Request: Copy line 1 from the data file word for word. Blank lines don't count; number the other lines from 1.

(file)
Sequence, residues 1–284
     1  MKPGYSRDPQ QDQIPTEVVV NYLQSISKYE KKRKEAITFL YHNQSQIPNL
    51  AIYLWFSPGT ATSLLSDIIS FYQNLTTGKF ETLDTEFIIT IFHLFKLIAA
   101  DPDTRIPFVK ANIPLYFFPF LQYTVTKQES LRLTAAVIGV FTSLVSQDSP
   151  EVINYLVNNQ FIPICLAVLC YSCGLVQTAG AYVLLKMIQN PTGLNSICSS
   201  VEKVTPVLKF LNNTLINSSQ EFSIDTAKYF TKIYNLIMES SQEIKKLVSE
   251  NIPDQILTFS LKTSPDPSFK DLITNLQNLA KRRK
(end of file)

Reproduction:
Sequence, residues 1–284